When it comes to thyroid problems, it can be difficult to know who to turn to for help. While your primary care doctor can often manage your condition, there may be times when you need the care of a specialist. Endocrinologists are doctors who specialize in the endocrine system, and they are particularly familiar with the function of the thyroid gland and other hormone-secreting glands in the body. Thyroidologists are endocrinologists who specifically study, diagnose, manage and treat the thyroid gland.
It is estimated that 25 million people have thyroid problems, and this number could double if the normal range were adjusted as some medical societies suggest. Victor Bernet, FACP, Director of the National Capitol Consortium Endocrinology Fellowship at Walter Reed Army Medical Center in Washington, D. C., recently offered his thoughts on why thyroid disorders go undiagnosed, what alternative treatments are available, and how primary care physicians and specialists can work together to manage thyroid disease. He noted that clinically significant cases of thyroid disease are often overlooked because we don't screen for thyroid disease in the U.
S. UU. The Preventive Services Working Group (USPSTF) concluded that screening asymptomatic people with blood tests such as TSH does not ultimately improve outcomes. However, some professional groups such as the ATA (American Thyroid Association) and the ACP (American College of Physicians) think it prudent to evaluate at-risk subgroups, such as the elderly, pregnant women, children with genetic syndromes such as Down or Klinefelter, or people with a family history treatment of autoimmune diseases thyroid disease (for example,.
The AACE (American Association of Clinical Endocrinologists) recommends thyroid self-exams and offers brochures to patients who want to have their necks checked. Thyroid armor (Forest Pharmaceuticals, Inc. However, the problem with Armour Thyroid is that the ratio of thyroid hormone T4 to T3 it contains can vary from batch to batch. I have had patients complain of palpitations and nervousness at times, and studies reveal that blood levels of T3 can fluctuate substantially with regimens containing T3 compared to levels seen in patients with normal thyroid function or taking T4 preparations.
As far as the thyroid diet is concerned, we have no evidence that any particular diet specifically helps thyroid function. Of course, people need to consume sufficient amounts of iodine or, otherwise, goiter may occur. Patients with Hashimoto's thyroiditis should be aware that they are at increased risk of other autoimmune disorders such as type 1 diabetes, lupus, rheumatoid arthritis, or adrenal insufficiency. If the patient has a couple of abnormal TSH levels and a family history of autoimmune thyroid disease, it would be appropriate to request an antithyroid antibody panel (TPOAb) before referring the patient to the endocrinologist.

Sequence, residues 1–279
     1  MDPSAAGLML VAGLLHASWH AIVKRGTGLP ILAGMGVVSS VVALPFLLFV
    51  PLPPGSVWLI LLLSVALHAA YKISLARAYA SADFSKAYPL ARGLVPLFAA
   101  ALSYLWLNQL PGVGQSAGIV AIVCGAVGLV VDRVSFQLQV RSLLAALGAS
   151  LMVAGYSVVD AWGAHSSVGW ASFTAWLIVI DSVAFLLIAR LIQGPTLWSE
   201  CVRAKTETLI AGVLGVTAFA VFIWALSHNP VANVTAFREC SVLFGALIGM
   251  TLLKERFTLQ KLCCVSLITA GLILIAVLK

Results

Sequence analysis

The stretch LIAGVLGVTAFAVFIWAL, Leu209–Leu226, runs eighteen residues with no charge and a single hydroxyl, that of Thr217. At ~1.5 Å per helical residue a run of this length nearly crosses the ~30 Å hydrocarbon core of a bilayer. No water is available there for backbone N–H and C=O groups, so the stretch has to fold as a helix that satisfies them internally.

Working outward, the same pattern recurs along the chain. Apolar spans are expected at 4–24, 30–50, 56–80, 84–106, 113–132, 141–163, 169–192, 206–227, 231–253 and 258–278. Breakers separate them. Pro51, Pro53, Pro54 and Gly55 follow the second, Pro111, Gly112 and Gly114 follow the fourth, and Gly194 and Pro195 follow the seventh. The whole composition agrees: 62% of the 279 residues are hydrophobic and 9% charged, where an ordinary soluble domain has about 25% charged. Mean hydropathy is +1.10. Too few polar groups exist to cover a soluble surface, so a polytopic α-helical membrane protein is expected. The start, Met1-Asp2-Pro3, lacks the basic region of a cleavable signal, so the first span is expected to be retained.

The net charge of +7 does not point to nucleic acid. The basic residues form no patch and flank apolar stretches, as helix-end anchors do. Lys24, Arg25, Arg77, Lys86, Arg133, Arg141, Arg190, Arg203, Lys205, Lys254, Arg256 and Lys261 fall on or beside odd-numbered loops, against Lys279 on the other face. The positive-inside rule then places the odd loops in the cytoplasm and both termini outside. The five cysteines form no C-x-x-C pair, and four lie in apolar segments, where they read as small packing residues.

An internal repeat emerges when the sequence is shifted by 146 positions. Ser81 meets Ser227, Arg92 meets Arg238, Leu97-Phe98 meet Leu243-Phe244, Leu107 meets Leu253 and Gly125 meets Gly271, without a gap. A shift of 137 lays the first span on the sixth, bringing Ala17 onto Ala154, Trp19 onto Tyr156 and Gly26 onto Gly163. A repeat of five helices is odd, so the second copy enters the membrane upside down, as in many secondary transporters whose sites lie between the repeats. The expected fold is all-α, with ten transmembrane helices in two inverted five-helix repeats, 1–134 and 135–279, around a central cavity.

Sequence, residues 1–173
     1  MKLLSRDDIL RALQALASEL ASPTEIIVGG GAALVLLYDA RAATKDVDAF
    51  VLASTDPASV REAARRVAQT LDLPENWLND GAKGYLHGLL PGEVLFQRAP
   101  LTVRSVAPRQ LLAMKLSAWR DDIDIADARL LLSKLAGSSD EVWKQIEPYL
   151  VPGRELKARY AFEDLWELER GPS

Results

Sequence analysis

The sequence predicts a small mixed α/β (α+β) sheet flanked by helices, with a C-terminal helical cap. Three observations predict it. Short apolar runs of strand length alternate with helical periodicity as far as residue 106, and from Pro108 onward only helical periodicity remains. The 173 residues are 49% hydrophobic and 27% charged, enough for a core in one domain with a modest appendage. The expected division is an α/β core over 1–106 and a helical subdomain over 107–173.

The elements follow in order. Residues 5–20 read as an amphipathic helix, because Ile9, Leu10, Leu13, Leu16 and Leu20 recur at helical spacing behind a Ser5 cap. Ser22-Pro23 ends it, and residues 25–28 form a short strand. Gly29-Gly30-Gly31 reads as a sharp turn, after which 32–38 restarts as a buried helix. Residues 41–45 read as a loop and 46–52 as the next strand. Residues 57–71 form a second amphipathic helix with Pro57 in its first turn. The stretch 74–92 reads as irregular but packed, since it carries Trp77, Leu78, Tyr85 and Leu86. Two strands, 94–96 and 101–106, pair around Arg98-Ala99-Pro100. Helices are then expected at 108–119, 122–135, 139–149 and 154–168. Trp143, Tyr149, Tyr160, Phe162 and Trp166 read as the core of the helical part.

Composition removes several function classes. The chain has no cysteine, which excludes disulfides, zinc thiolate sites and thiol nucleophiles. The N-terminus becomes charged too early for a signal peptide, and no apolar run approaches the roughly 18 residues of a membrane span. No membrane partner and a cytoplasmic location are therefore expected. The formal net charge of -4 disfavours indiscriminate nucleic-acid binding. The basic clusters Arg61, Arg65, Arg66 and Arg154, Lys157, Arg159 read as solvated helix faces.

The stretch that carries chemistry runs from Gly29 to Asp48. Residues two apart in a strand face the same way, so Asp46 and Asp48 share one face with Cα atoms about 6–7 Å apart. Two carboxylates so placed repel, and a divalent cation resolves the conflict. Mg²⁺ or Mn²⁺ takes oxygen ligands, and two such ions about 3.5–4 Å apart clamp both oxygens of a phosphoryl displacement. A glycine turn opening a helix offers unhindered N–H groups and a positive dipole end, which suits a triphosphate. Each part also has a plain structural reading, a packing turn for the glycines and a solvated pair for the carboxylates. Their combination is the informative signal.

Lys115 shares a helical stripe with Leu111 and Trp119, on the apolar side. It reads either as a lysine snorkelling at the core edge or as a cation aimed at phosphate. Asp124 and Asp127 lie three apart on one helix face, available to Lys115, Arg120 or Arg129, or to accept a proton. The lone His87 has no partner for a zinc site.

We also like to see a CSC, Chem 20 and a lipid panel because everyone can be affected by hypothyroidism depending on their severity. The best doctor to go to for a thyroid problem ultimately depends on the nature of the thyroid condition and the treatment recommended. Alternative names include natural thyroid, thyroid extract, porcine thyroid, porcine thyroid; trademarks include Nature-throid and Armour Thyroid. In other words, the thyroid gland itself is fine, but it does not produce thyroid hormone if the hypothalamus does not tell it through the pituitary gland to do so. While endocrinology is the field most closely aligned with thyroid disease, endocrinologists differ in the scope of their practice, with some focusing more on thyroid disease and others focusing more on conditions such as diabetes, infertility or obesity. Whether you suspect you may have a thyroid condition, have been recently diagnosed, or have lived with the condition for some time, there are many factors to consider when choosing a health care provider.
This includes type of thyroid condition you have, your insurance coverage and your personal preferences. People with diabetes often see a primary care doctor regularly and can take medicines to help keep their blood sugar levels stable. However if standard treatment doesn't control your blood sugar levels your primary care doctor may refer you to an endocrinologist. An endocrinologist will look for additional strategies to help manage diabetes. So when it comes to finding a doctor for your thyroid problem it is important to consider all factors before making a decision.
It is also important to remember that while most primary care physicians are comfortable and able to monitor TSH levels and adjusting medications there may be times when you need an endocrinologist or even a specialist like a Thyroidologist who has additional training in studying and treating the thyroid gland. September is Thyroid Cancer Awareness Month and next month's feature article will be about when thyroid hormone levels drop and how primary care physicians and specialists can work together to manage this condition.